Flexing her knuckles, a light catches the jewels in the band on Stacy Stephens’ left hand’s third finger. The ring is an old symbol for an ordinary aspect of the American Dream: Marriage. But this particular ring doesn’t stand for an old-fashioned idea.
Instead, for Stacy, this ring stands for a barrier crossed.
Stacy, 42, remembers the day well. May 9, 2015 was the day Stacy and her partner Christina, 37, got their marriage license from the St. Louis County courthouse when certain counties in Missouri agreed to allow same-sex marriages before the federal ruling.
“We had waited for this moment our whole lives. Eighteen years. We couldn’t wait to go down there,” she said. “It was amazing. It was just so amazing to know that finally we were going to get to do what we had always talked about doing.”
But getting married before the official federal ruling has allowed for loopholes in the system. Because of these loopholes, there are new problems for the legally married couple.
Stacy was told by lawyer after lawyer that because she and her partner were married before the federal ruling, when only certain counties in Missouri allowed it, Christina would not be able to take her last name just yet. She was advised by her lawyer to return to a courthouse and get remarried, so her partner Christina would get her last name immediately.
“I’m still pissed off,” Stacy said. “I just wish they would have told me it would be this difficult.”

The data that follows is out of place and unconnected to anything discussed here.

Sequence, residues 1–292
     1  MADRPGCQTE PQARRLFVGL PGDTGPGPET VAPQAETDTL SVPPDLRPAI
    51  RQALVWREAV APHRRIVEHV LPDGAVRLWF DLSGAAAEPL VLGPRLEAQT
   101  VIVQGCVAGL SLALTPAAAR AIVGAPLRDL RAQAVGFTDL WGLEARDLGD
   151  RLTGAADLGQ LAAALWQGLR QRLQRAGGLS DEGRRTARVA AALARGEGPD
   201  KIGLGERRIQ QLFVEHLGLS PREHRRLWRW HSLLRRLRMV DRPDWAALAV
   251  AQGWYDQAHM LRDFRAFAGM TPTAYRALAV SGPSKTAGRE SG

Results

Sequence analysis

This would just cause further complications for the couple while they have already waited so long. Having to get another marriage license and start all over would just force them to spend more money on this. “They said how the laws are written, they would have to go in and change or adjust them. I just don’t understand it. The only thing I’m getting is why should it matter?” Stacy said.
Every lawyer has told the couple that if they would have waited until the federal ruling passed they wouldn’t be having issues. Stacy argues that no one told her that. She has tried contacting the governor’s office, who then tells her to contact the Social Security office. The Social Security office said they would send out paperwork for her to fill out to get approved for a name change. The office failed to send out the forms, resulting in Stacy having to contact them several times. “To have that excitement just ripped from us over something as stupid as this, it’s just frustrating,” she said.
Encountering a problem that seems at times both integral to one’s identity and seemingly unchangeable represents only one headache for the couple. Another concerns a milestone for many couples: children.
“When we first got together we talked about getting married and having kids. We never knew if we would actually be able to one day, but we always had kids names picked out.”
Zack was one of those names. It is now the name they call down the hallway for their now 5-year-old son. Through a sperm donor, the couple was able to have Zack. “[The sperm donor process] was a roller coaster for me. When you want something so bad like that, it can be tough,” Stacy said.
What makes the situation worse is that for five years now, Stacy has not been recognized as the legal parent of Zack, because she isn’t the mother who birthed him. “Lawyers keep saying they’re going to help with that too. One told me I had to track down the donor and have him sign over the rights. It’s so aggravating. He’s my son,” she said.
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